The Canadian Centre for Architecture (CCA) presents Archaelogy of the Digital, an exhibition that delves into the genesis and establishment of digital tools for design conceptualization, visualization and production at the end of the 1980s and the beginning of the 1990s.
Curated by architect Greg Lynn, the exhibition along with the related publication are conceived as object-based investigations of four pivotal projects that established distinct directions in architecture’s use of digital tools: the Lewis Residence by Frank Gehry (1985–1995), Peter Eisenman‘s Frankfurt Biozentrum (1987), Shoei Yoh‘s roof structures for Odawara Gymnasium (1991) and Galaxy Toyama Gymnasium (1992), and Chuck Hoberman‘s Expanding Sphere (1992).
Chuck Hoberman’s Expanding Sphere (1992) is a finely tuned folding polyhedron that smoothly expands and contracts, opening the way to later explorations in responsive and adaptive architecture. Conceived as a precise and factual narration, Archaelogy of the Digital highlights the dialogue between computer sciences, architecture and engineering, which is at the core of these early experiments.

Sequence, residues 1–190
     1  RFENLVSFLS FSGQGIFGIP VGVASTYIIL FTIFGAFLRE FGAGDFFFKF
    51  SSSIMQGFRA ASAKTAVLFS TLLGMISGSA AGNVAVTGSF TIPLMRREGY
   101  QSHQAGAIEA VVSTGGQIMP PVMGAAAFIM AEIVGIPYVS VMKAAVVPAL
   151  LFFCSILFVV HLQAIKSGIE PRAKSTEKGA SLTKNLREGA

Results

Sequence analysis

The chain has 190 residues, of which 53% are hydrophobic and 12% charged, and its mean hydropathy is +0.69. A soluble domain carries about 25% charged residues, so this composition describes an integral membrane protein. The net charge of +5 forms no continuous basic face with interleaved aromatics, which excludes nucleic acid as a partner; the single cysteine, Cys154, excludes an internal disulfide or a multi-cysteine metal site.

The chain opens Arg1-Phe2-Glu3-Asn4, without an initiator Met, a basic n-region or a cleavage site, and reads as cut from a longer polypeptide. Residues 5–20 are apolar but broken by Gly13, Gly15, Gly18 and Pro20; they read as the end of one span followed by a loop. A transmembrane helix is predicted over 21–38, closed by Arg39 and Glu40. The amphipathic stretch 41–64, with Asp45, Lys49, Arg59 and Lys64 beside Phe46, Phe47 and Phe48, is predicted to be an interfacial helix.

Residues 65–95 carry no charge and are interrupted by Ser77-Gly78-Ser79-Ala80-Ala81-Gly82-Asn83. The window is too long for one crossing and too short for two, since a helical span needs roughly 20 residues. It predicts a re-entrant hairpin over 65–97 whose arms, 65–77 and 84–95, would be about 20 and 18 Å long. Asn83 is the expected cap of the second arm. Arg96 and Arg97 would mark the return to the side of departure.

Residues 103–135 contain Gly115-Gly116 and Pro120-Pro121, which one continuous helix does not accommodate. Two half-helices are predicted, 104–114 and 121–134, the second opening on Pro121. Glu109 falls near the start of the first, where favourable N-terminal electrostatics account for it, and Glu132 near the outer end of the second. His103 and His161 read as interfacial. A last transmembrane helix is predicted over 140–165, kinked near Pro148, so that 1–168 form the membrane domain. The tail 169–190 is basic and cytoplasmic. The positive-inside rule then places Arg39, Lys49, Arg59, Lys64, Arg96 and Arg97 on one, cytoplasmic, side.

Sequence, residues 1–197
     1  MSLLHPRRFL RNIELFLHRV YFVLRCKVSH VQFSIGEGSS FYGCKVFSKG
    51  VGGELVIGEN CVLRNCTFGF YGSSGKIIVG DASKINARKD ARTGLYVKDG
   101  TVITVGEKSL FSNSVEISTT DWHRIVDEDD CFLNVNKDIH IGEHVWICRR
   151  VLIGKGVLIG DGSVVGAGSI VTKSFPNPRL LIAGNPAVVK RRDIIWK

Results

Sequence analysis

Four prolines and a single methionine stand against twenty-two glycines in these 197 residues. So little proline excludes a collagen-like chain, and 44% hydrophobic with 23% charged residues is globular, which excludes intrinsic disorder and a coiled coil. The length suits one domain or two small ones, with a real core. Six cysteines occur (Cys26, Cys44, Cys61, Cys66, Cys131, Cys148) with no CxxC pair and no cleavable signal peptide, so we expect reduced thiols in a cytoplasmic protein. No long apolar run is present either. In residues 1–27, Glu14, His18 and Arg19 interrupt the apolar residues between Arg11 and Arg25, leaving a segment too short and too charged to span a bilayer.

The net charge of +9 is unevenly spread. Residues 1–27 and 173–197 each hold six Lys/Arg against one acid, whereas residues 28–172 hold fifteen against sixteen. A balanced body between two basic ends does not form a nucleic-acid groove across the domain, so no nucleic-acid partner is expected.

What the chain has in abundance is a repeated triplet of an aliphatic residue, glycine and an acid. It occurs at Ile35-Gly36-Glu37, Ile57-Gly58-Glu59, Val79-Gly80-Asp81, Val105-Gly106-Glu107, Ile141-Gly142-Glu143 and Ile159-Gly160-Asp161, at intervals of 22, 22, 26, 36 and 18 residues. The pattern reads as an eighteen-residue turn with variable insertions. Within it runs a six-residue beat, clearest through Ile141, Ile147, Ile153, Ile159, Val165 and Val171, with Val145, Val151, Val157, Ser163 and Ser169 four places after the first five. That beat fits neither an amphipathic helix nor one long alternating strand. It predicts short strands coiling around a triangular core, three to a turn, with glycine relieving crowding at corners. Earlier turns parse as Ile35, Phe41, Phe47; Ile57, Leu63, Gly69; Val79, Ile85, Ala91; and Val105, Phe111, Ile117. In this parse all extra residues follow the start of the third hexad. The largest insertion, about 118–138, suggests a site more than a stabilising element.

Chuck Hoberman's spheres and other artworks will be on view at the CCA's Phaeno Exhibit from May 7th to October 13th, 2013 in the main galleries. Visit the Canadian Centre for Architecture website for more information.Share